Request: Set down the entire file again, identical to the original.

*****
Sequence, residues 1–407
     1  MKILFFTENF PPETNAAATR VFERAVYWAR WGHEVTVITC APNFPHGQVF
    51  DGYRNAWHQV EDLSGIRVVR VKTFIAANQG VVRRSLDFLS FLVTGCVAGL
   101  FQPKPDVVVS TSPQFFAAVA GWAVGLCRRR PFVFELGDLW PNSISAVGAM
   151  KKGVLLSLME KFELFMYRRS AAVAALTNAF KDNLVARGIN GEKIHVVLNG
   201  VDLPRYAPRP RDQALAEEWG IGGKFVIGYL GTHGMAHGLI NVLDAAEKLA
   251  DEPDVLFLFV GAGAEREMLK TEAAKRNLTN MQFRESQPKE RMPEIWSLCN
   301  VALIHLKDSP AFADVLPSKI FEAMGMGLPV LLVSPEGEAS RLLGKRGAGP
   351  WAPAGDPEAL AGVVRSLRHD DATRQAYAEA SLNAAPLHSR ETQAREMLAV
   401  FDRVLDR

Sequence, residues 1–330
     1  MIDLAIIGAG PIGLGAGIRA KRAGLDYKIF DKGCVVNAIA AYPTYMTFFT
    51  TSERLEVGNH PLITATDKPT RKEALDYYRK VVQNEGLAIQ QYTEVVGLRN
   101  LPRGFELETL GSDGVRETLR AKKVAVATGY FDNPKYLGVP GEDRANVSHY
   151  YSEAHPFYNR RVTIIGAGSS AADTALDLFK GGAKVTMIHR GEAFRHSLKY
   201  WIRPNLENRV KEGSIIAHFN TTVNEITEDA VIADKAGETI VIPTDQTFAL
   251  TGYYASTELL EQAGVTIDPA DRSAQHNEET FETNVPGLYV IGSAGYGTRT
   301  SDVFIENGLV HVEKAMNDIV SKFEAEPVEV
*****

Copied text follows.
Sequence, residues 1–407
     1  MKILFFTENF PPETNAAATR VFERAVYWAR WGHEVTVITC APNFPHGQVF
    51  DGYRNAWHQV EDLSGIRVVR VKTFIAANQG VVRRSLDFLS FLVTGCVAGL
   101  FQPKPDVVVS TSPQFFAAVA GWAVGLCRRR PFVFELGDLW PNSISAVGAM
   151  KKGVLLSLME KFELFMYRRS AAVAALTNAF KDNLVARGIN GEKIHVVLNG
   201  VDLPRYAPRP RDQALAEEWG IGGKFVIGYL GTHGMAHGLI NVLDAAEKLA
   251  DEPDVLFLFV GAGAEREMLK TEAAKRNLTN MQFRESQPKE RMPEIWSLCN
   301  VALIHLKDSP AFADVLPSKI FEAMGMGLPV LLVSPEGEAS RLLGKRGAGP
   351  WAPAGDPEAL AGVVRSLRHD DATRQAYAEA SLNAAPLHSR ETQAREMLAV
   401  FDRVLDR

Sequence, residues 1–330
     1  MIDLAIIGAG PIGLGAGIRA KRAGLDYKIF DKGCVVNAIA AYPTYMTFFT
    51  TSERLEVGNH PLITATDKPT RKEALDYYRK VVQNEGLAIQ QYTEVVGLRN
   101  LPRGFELETL GSDGVRETLR AKKVAVATGY FDNPKYLGVP GEDRANVSHY
   151  YSEAHPFYNR RVTIIGAGSS AADTALDLFK GGAKVTMIHR GEAFRHSLKY
   201  WIRPNLENRV KEGSIIAHFN TTVNEITEDA VIADKAGETI VIPTDQTFAL
   251  TGYYASTELL EQAGVTIDPA DRSAQHNEET FETNVPGLYV IGSAGYGTRT
   301  SDVFIENGLV HVEKAMNDIV SKFEAEPVEV